re: Ethics of job-interview testing

Subject: re: Ethics of job-interview testing
From: eric -dot- dunn -at- ca -dot- transport -dot- bombardier -dot- com
To: "TECHWR-L" <techwr-l -at- lists -dot- raycomm -dot- com>
Date: Wed, 2 Jun 2004 12:54:40 -0400

bounce-techwr-l-106467 -at- lists -dot- raycomm -dot- com wrote on 06/02/2004 12:38:30 PM:

> Thanks for the thoughts.

You're welcome. :)

> I usually get asked for salary history, and I've
> always told what my salary and compensation are
> currently. I assume that the offer will be more or
> result in a polite end to the process.

But why is it any of their business? I actually have to brace myself for
the question so that I won't let them see the "F-off and mind your own
business!" reaction that I have every time someone asks.

The three 'mistakes' you had underline why I don't give salary history.

If I am currently/was previously making far more than average, I don't see
why they need to be turned of me. Perhaps I need to now come in line with
market realities. Perhaps I know the last job was milk and honey, but I
enjoyed the ride while it lasted.
And whether or not I know if I am currently/was previously making below
average, why the H-E-double hockey sticks do they need to know?!? I
certainly don't want to have any new offer based on that salary.

If you give a salary figure, they'll only play one of two games. 1 - See
if you're desperate for a job and offer significantly less and make you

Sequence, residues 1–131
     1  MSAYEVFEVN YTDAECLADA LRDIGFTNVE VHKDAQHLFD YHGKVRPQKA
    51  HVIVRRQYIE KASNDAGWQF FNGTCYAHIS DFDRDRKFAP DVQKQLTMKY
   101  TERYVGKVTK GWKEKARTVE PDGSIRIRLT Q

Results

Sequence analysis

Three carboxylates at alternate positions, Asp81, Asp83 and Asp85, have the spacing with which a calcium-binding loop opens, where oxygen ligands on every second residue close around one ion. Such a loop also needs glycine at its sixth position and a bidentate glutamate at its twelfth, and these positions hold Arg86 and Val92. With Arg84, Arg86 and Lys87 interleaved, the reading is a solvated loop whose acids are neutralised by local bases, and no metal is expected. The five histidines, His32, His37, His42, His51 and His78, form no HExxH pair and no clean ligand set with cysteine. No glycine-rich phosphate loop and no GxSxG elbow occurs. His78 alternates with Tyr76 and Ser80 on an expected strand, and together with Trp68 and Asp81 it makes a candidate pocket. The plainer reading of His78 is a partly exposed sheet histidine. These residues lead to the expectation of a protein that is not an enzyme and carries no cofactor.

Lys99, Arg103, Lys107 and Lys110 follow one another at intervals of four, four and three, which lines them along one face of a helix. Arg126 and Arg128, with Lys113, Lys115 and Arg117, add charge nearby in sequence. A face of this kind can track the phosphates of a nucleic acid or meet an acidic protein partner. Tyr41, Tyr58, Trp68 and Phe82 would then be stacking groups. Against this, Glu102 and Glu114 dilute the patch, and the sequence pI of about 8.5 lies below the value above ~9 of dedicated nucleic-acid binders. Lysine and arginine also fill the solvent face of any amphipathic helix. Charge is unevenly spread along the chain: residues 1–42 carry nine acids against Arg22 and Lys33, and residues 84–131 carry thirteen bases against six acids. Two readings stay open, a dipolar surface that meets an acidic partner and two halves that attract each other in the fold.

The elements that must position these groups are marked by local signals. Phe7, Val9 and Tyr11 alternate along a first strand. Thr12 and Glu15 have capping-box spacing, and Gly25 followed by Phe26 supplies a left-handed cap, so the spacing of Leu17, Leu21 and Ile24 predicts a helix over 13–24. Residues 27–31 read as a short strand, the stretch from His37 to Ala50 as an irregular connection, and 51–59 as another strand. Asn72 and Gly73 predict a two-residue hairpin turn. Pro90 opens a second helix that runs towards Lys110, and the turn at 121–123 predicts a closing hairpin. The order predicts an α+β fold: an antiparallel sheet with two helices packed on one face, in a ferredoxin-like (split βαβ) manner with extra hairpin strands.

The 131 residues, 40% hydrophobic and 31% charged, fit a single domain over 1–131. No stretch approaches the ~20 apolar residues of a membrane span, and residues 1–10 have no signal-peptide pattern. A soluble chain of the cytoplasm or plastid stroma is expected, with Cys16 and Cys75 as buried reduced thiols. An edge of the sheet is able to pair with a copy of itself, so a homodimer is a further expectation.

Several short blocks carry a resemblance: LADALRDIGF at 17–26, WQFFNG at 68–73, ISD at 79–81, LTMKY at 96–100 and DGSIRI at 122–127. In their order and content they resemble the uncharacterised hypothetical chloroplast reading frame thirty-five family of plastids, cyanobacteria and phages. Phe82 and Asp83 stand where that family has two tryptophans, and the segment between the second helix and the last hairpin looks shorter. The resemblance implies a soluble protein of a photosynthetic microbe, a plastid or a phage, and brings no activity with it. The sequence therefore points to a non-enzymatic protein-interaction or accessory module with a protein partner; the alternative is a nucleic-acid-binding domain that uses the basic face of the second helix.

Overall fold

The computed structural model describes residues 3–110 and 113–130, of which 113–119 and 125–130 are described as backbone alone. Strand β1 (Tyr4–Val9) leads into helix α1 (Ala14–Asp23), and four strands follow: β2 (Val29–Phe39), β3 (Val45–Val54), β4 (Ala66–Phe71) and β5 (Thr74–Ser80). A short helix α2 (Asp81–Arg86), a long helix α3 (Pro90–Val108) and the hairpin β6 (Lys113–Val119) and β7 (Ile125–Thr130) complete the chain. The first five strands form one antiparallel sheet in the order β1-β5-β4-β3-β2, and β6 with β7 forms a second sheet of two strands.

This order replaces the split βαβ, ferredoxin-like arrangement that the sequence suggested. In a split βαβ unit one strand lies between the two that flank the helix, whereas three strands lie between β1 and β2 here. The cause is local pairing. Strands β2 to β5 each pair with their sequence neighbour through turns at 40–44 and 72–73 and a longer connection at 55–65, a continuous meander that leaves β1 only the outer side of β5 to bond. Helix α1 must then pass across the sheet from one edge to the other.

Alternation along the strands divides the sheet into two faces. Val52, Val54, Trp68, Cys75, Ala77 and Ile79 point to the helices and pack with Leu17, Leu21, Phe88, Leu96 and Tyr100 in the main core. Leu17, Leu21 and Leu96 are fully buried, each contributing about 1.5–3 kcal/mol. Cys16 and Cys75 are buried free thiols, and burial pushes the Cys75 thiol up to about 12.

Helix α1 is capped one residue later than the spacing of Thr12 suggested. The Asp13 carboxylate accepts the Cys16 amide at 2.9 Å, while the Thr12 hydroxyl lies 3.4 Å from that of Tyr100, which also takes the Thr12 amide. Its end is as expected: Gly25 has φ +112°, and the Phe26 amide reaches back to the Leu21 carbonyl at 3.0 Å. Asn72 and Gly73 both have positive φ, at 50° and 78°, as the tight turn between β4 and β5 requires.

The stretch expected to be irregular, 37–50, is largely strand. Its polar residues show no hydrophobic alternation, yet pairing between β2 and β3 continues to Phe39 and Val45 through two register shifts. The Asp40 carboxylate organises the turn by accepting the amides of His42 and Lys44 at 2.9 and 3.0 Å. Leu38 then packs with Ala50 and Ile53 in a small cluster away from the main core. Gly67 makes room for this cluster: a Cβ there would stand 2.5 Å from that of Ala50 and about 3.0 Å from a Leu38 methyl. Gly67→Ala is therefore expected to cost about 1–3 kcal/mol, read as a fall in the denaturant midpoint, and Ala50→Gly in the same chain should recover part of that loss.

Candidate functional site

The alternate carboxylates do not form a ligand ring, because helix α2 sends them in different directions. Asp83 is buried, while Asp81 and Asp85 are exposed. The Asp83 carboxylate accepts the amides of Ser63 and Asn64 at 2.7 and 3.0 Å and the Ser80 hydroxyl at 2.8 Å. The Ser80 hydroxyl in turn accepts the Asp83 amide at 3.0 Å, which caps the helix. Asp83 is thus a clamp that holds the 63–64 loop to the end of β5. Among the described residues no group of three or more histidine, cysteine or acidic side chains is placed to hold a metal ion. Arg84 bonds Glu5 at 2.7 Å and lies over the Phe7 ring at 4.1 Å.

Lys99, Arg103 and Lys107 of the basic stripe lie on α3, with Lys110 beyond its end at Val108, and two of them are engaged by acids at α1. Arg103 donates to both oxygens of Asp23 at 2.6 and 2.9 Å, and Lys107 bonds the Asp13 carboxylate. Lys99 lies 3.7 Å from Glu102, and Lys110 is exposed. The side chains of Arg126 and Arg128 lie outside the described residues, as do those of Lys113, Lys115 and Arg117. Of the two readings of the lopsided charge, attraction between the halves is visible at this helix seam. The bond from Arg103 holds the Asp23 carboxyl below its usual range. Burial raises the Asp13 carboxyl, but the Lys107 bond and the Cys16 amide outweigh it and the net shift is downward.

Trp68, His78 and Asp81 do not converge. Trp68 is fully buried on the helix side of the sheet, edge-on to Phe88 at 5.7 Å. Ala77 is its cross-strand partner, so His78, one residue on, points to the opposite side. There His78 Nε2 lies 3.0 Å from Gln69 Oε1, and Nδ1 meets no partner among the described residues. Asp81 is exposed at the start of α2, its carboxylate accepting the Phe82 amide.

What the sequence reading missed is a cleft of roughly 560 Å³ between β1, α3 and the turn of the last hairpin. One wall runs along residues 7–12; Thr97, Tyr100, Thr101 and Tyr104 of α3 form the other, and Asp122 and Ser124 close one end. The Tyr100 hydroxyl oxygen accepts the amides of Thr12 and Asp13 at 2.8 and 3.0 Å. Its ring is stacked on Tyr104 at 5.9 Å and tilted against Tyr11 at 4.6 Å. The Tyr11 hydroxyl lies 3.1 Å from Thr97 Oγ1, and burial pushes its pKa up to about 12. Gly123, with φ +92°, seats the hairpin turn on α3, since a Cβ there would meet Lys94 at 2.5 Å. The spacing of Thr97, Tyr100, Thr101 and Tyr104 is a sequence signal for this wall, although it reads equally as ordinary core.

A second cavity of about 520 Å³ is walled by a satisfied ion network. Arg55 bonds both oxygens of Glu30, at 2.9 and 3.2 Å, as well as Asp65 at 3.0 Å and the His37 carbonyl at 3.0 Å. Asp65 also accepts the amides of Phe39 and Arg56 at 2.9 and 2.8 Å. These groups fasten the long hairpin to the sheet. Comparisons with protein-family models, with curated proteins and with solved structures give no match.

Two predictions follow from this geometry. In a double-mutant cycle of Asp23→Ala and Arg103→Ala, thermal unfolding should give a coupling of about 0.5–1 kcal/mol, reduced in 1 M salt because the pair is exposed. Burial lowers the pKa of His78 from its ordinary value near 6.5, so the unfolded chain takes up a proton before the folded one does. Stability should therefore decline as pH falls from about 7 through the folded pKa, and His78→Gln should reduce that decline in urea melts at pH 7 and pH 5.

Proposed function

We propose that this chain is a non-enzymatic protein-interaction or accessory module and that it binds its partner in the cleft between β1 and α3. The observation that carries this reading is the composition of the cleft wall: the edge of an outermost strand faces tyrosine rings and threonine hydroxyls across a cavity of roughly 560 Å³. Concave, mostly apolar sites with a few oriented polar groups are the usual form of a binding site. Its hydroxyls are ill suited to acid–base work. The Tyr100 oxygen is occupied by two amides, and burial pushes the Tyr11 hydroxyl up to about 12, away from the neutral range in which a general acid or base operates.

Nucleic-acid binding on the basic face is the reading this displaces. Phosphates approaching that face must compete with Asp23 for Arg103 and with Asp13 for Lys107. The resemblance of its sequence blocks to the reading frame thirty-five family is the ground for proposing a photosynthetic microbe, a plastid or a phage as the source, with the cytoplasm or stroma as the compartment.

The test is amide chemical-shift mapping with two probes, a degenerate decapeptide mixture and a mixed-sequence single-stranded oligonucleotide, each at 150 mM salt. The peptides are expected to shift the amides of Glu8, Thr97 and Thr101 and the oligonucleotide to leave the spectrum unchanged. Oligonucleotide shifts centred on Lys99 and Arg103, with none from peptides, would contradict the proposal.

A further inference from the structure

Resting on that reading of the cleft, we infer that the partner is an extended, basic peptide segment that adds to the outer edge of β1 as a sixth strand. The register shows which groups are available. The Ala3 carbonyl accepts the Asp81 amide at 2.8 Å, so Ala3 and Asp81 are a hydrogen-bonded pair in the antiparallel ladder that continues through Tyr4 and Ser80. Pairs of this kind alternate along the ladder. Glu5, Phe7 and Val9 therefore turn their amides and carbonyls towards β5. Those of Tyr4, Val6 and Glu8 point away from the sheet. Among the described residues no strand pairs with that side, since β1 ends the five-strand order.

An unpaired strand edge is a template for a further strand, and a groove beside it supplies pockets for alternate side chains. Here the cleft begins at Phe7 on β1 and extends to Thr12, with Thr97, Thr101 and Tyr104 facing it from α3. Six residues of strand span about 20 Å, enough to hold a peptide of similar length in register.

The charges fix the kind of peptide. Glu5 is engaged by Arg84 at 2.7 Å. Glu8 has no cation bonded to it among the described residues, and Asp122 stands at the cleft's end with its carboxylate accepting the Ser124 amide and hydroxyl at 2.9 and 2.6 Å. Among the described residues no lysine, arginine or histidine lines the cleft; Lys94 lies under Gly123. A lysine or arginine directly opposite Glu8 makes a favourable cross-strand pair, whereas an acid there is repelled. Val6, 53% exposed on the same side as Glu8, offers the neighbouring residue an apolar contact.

fight for something slightly less. or 2 - See how little extra they can
get away with offering.

Leaving it in their court: If the first offer is too low THEN you need to
have a number in mind. But, the counter offer should be significantly
higher than what you would accept. That way if they split the difference
between their offer and yours, you'll be happy. If their first off is
high, keep a straight face, hide all surprise or joy, and counter-offer
higher. Make them fight down. After all their first offer is unlikely to
be one that stretches their budget. ;)

Regardless of how it goes, take all legal documents and final agreements
home for study. If you can't leave with documents or they aren't present
there leave with a detailed list of agreements. Then, when the documents
to sign are presented at a later date, make sure EVERYTHING is the same.
Fight, complain, and be prepared to walk if conditions are different from
the understanding.

Eric L. Dunn
Senior Technical Writer


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re: Ethics of job-interview testing: From: T. Word Smith

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